Parameters
packages

A list of packages (with optional versions) to install using conda

conda_options

Additional options to pass to conda

restart_workers

Whether or not to restart the worker after installing the packages Only functions if the workers have an attached nanny process

Examples

>>> from dask.distributed import CondaInstall
>>> plugin = CondaInstall(packages=["scikit-learn"], conda_options=["--update-deps"])
>>> client.register_plugin(plugin)
class distributed.diagnostics.plugin.InstallPlugin(install_fn: Callable[[], None], restart_workers: bool)[source]

Scheduler plugin to install software on the cluster

This accepts an function that installs software on the scheduler and all workers. You can also optionally ask for the worker to restart after performing this installation.

Note

This will increase the time it takes to start up each worker. If possible, we recommend including the software in the worker environment or image. This is primarily intended for experimentation and debugging.

Parameters
install_fn

Callable used to install the software; must be idempotent.

restart_workers

Whether or not to restart the worker after installing the packages Only functions if the worker has an attached nanny process

class distributed.diagnostics.plugin.SchedulerUploadFile(filepath: str, load: bool = True)[source]

Worker Plugins

distributed.diagnostics.plugin.WorkerPlugin provides a base class for creating your own worker plugins. In addition, Dask provides some built-in plugins.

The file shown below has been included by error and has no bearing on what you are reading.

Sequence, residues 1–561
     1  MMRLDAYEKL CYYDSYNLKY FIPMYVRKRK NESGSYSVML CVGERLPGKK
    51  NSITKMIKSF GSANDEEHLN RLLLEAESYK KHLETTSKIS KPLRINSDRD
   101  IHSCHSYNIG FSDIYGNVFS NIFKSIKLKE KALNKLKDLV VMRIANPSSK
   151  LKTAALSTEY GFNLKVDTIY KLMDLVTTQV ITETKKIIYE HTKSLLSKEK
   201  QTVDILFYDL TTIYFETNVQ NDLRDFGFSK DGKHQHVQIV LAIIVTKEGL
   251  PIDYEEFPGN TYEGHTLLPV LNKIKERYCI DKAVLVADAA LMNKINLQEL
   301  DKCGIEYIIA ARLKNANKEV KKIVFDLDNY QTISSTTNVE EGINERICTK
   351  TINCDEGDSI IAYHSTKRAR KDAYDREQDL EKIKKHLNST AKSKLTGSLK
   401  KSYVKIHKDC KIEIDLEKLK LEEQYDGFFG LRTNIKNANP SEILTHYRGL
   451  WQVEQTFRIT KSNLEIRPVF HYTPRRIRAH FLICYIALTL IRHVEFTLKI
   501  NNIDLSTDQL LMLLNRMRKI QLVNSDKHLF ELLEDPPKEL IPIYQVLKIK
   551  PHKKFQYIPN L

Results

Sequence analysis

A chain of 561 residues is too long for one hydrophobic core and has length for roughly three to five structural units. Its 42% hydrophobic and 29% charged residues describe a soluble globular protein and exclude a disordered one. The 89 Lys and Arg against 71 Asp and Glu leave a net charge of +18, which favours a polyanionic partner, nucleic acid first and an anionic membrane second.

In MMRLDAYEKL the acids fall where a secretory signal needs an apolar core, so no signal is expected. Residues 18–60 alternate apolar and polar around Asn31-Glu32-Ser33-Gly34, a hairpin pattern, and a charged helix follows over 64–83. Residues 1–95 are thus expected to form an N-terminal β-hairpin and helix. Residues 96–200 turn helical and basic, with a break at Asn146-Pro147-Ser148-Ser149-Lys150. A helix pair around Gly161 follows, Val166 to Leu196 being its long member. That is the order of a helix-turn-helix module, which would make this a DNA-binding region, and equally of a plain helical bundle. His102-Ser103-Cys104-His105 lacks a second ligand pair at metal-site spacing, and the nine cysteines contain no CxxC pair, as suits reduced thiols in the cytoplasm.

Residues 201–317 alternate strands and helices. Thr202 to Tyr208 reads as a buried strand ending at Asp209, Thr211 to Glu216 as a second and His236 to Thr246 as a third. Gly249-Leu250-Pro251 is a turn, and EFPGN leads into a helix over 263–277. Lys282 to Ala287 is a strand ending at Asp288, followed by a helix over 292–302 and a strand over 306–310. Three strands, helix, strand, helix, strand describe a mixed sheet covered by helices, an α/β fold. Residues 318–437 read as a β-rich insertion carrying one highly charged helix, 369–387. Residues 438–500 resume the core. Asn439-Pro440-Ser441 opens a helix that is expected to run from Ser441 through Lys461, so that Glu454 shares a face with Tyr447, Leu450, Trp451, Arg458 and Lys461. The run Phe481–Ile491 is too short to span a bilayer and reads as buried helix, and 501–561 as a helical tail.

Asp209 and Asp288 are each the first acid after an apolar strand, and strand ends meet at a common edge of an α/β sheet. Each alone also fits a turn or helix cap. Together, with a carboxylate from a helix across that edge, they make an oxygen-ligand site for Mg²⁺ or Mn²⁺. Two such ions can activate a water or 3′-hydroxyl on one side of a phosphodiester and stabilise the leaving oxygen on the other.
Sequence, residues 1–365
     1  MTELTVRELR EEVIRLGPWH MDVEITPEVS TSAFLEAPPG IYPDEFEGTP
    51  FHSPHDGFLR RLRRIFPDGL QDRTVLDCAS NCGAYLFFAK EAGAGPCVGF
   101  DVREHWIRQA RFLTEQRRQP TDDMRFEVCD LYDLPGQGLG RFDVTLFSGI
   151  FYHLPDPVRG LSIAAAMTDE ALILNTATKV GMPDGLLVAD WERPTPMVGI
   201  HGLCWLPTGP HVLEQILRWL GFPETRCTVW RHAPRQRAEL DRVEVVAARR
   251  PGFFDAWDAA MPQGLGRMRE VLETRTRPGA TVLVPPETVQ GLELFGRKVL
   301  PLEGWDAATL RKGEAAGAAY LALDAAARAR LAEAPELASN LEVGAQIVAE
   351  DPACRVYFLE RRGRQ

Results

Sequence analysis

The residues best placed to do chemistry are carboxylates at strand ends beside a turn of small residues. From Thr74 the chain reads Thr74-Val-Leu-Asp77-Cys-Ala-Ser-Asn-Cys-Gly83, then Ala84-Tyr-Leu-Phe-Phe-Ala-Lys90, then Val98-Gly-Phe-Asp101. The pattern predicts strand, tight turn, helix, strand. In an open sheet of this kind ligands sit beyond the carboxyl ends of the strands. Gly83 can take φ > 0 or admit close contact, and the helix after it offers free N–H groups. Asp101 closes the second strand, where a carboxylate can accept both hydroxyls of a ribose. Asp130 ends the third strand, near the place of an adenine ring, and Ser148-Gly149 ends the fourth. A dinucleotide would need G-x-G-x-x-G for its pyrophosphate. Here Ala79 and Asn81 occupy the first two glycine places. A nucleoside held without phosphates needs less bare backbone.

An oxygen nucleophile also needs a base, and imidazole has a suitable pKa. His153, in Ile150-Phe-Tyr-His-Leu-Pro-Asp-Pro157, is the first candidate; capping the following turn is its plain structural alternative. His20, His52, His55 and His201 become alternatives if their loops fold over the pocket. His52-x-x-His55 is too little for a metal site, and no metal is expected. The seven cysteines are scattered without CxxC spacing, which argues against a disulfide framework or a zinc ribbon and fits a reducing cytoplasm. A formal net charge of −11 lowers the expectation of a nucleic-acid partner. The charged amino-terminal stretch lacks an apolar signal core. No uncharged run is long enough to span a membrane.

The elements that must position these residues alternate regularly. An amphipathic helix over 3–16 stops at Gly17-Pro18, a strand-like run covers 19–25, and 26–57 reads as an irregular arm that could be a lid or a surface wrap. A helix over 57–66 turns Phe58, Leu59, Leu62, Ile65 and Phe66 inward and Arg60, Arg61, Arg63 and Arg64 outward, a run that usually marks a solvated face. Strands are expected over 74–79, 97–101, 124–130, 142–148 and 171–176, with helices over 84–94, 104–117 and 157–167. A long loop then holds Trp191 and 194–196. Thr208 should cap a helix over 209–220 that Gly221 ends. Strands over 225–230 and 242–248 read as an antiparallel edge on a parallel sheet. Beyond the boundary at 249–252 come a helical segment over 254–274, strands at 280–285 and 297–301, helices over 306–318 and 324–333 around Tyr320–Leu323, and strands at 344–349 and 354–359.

Watch the video below for an example using a WorkerPlugin to add a concurrent.futures.ProcessPoolExecutor:

class distributed.diagnostics.plugin.WorkerPlugin[source]

Interface to extend the Worker

A worker plugin enables custom code to run at different stages of the Workers’ lifecycle.

A plugin enables custom code to run at each of step of a Workers’s life. Whenever such an event happens, the corresponding method on this class will be called. Note that the user code always runs within the Worker’s main thread.

To implement a plugin:

  1. inherit from this class

  2. override some of its methods

  3. register the plugin using Client.register_plugin.

The idempotent attribute is used to control whether or not the plugin should be ignored upon registration if a worker plugin with the same name already exists. If True, the plugin is ignored, otherwise the existing plugin is replaced. Defaults to False.

Examples

>>> class ErrorLogger(WorkerPlugin):
...     def __init__(self, logger):
...         self.logger = logger
...
...     def setup(self, worker):
...         self.worker = worker
...
...     def transition(self, key, start, finish, *args, **kwargs):
...         if finish == 'error':
...             ts = self.worker.tasks[key]
...             exc_info = (type(ts.exception), ts.exception, ts.traceback)
...             self.logger.error(
...                 "Error during computation of '%s'.", key,
...                 exc_info=exc_info
...             )
>>> import logging
>>> plugin = ErrorLogger(logging)
>>> client.register_plugin(plugin)  
setup(worker: Worker) None | Awaitable[None][source]

Run when the plugin is attached to a worker. This happens when the plugin is registered and attached to existing workers, or when a worker is created after the plugin has been registered.